Employees from several Orlando Chick-fil-A restaurants donated their time by preparing and delivering food to first responders and people waiting in line to donate blood to victims following the shooting at Pulse nightclub. 49 people were killed and many others injured after gunman Omar Mateen opened fire in the crowded club early Sunday morning.

The chain is usually closed on Sundays, a policy put into place 70 years ago by its founder, Truett Cathy, so that employees could go to church or spend time with friends and family or do anything that doesn’t have to do with working.

The philanthropic gesture is an unexpected one, given Chick-fil-A became the center of a firestorm in 2012 when CEO Dan Cathy spoke out against same-sex marriage on a syndicated radio talk show. His public stance regarding gay rights triggered protests and boycotts nationwide.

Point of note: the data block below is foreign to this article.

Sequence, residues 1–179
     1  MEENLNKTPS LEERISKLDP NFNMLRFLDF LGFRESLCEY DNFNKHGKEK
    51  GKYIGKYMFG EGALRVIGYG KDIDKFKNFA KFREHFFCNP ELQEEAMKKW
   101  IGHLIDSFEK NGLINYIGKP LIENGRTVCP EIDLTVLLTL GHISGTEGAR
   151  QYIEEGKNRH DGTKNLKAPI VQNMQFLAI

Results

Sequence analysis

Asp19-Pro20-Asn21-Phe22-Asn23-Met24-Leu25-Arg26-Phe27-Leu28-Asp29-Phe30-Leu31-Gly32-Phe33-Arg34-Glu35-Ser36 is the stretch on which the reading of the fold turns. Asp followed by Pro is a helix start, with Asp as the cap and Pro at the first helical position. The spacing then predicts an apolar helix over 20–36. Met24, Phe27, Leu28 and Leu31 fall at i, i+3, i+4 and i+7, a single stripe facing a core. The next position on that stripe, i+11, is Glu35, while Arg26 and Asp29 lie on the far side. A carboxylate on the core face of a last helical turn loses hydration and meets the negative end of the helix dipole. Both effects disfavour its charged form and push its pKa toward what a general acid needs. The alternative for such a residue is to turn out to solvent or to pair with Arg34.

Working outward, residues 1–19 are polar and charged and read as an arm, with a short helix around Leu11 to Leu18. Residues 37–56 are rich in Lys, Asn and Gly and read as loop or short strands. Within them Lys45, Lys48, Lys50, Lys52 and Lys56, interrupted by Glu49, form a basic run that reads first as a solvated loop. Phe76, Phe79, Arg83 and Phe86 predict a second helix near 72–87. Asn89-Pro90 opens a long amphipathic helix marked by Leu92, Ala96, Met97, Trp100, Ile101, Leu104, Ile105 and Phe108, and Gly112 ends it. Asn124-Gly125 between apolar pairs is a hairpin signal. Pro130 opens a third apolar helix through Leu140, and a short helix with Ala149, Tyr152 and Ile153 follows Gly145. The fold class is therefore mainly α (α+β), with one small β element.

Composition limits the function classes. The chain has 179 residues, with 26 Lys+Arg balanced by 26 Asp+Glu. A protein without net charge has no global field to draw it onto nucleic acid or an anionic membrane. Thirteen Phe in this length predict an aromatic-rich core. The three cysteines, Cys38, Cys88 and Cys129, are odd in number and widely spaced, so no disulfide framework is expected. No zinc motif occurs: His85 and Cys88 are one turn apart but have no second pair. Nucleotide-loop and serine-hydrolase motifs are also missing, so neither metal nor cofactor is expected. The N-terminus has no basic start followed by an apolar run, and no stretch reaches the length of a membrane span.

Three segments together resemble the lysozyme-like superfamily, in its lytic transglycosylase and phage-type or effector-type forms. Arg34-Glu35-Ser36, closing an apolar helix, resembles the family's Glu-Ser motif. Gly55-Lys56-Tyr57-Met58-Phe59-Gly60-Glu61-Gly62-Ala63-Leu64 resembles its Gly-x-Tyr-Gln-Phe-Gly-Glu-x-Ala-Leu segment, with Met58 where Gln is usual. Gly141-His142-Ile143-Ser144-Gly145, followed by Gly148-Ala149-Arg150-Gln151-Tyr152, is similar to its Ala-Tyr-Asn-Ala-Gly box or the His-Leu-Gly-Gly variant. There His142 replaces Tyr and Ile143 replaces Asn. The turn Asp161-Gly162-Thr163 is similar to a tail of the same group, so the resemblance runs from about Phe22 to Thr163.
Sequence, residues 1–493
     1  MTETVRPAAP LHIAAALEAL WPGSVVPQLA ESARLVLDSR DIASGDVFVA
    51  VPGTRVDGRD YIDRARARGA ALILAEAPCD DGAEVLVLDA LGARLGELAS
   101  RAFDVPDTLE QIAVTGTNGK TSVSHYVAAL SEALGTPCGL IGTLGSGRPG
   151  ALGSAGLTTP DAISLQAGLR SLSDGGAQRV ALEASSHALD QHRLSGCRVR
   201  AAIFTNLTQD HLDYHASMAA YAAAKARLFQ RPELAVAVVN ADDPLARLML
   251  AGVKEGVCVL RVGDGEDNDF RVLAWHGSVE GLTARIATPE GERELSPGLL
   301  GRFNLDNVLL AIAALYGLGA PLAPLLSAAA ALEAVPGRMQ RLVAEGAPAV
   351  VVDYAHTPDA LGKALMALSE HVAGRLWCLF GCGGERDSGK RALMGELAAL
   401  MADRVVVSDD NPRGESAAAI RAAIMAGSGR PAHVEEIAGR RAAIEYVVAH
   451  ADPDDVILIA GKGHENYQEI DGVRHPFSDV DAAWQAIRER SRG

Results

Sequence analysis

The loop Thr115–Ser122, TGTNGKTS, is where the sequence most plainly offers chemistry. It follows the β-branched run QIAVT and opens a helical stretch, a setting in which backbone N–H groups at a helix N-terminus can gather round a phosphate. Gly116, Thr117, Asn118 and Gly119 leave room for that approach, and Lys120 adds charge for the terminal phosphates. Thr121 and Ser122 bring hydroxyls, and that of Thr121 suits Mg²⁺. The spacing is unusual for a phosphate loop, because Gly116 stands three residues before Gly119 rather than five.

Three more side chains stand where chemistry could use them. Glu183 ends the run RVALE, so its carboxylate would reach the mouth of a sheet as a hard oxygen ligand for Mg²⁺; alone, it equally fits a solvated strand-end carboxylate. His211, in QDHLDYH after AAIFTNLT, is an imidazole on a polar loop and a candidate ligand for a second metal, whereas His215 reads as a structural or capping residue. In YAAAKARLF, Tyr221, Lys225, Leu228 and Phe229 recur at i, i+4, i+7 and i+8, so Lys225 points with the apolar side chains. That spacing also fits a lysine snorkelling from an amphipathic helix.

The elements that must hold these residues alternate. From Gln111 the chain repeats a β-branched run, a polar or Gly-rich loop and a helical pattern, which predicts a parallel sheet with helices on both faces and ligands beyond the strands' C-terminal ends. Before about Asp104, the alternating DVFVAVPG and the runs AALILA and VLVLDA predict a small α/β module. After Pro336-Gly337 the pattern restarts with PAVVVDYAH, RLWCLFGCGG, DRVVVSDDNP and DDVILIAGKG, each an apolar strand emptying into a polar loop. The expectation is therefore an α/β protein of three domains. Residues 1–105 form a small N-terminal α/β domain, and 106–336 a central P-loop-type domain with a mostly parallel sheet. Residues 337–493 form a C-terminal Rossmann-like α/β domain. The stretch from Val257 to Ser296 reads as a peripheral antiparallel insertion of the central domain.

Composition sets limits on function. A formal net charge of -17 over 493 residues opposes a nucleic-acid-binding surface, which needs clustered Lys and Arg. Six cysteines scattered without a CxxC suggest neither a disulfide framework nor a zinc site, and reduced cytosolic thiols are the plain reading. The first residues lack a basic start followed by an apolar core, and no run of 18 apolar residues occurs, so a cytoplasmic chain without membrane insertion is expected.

After realizing that gay people love a good chicken sandwich and waffle fries as much as their heterosexual clientele, Cathy decided to tone down the homophobic rhetoric.

In 2014, Cathy told USA Today, “I’m going to leave it to politicians and others to discuss social issues.”

The Chick-fil-A store in Lee Vista, FL posted pics on its Facebook page on Sunday of its employees in action, along with the message “We love our city and the people in our community.”

But not everyone is taking the gesture as a sign that times are changing when it comes to the conservative fast-food retailer.

Bill Huelsman, a volunteer at the GLBT Community Center of Orlando stated, “They should be trying to do the right thing. Everybody is pulling together.”

In Chick-fil-A’s defense, the chain doesn’t appear to expect a pat on the back for their altruistic efforts.

“We do not think this requires any recognition,” said company spokeswoman Carrie Kurlander. “It is the least we can do in this community we love.”

“Cluck” one up for Chick-fil-A for taking a step in the right direction.

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